The mission of the Child & Adolescent Services Research Center is to improve publicly funded mental health service delivery and quality of treatment for children and adolescents who have or are at high risk for the development of mental health problems or disorders.
Investigators collaborate to conduct services and dissemination and implementation research across publicly-funded sectors of community care. Target populations include individuals’ substance use disorders, mental health disorders, HIV, trauma and child maltreatment histories, early developmental problems, and co-occurring disorders. CASRC is also renowned as a rich training environment for early career researchers from diverse disciplines, with 19 mentored Career Development Awards funded by NIH in the past ten years.
The Center Has Four Primary Goals
- Extend an existing interdisciplinary, public agency and academic liaison research program that emphasizes research interests in mental health services for youth at high-risk for mental disorders. Research will focus on examining and improving care for diverse populations and fostering the growth of methods and statistics support capability for mental health services research.
- Provide advanced mentoring to doctoral and post-doctoral researchers, which will enable them to conceptualize, design and conduct research on child and adolescent mental health services. Support from existing large-scale CASRC studies, CASRC-linked institutions, and other services research centers provides opportunities to learn about research in the field from multi-disciplinary teams of experienced investigators.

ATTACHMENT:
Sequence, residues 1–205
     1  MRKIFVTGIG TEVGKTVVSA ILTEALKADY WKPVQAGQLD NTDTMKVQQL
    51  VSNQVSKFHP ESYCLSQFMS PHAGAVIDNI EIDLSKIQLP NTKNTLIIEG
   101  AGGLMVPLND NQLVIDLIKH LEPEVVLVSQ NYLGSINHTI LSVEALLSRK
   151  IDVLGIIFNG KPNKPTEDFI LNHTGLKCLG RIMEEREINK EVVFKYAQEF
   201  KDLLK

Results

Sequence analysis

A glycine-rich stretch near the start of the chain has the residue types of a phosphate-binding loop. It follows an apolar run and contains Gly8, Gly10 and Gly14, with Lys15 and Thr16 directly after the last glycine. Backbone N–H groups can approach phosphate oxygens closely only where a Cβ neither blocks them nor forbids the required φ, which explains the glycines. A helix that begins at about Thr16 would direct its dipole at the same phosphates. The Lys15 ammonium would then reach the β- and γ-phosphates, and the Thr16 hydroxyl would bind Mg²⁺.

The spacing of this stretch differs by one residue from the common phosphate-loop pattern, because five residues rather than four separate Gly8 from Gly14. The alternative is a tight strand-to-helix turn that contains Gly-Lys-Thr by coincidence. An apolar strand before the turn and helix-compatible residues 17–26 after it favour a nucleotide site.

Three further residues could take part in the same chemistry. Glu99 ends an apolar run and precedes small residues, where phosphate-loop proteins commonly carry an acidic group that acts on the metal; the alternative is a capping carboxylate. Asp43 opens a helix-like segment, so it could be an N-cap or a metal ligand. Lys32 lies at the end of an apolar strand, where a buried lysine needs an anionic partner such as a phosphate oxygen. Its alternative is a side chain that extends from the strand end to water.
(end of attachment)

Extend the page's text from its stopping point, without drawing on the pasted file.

- Collaborate and provide technical assistance for state and county policy makers, mental health providers and managers in youth service agencies, consumers and their families, and to improve the delivery of child and adolescent mental health services among agencies working in child welfare, health services, mental health, education, probation, and substance abuse services.
- Disseminate research findings and methods/statistics developments to the academic community, public and private providers, systems managers, public and private policy makers, and mental health care consumer groups. In addition, efforts will be made to disseminate information to the families of children with mental health problems. This process includes publications in peer-reviewed journals, presentations at academic, professional, and policy forums, and a series of Center research reports, in addition to the CASRC website and newsletter.
Two Core Research Areas
Studies and personnel within CASRC are structured into
two core research areas
- Examining care for diverse populations.
- Improving care for diverse populations.
CASRC has a strategic focus on improvement of public pediatric mental health care through a program of mental health services research that spans clinical epidemiology studies linked to evidence-based practice, effectiveness and quality of care studies, and implementation studies that include organizational, financing, and policy issues.
An overarching center perspective of cultural exchange guides an active partnership with major stakeholders in youth mental health care across the public sectors of mental health, child welfare, juvenile justice, substance abuse services, and education.
How Are We Funded
Funding for CASRC has come from a broad base of government agencies and philanthropic foundations, including:
- National Institute of Mental Health (NIMH)
- National Institute on Drug Abuse (NIDA)
- National Institute of Child Health and Human Development (NICHD)
- Substance Abuse and Mental Health Services Administration (SAMHSA)
- Administration for Children, Youth, and Families (ACYF)
- Agency for Healthcare Research and Quality (AHRQ)
- State of California
- County of San Diego
- Branches of the United States military
Our Focus and Where We Specialize
CASRC focuses on mental health care issues for vulnerable children, including children in public service sectors. In addition, CASRC specializes in longitudinal studies of children at risk for development of mental disorders and other problems in psychosocial functioning, and the effectiveness of interventions.
Find out more about us.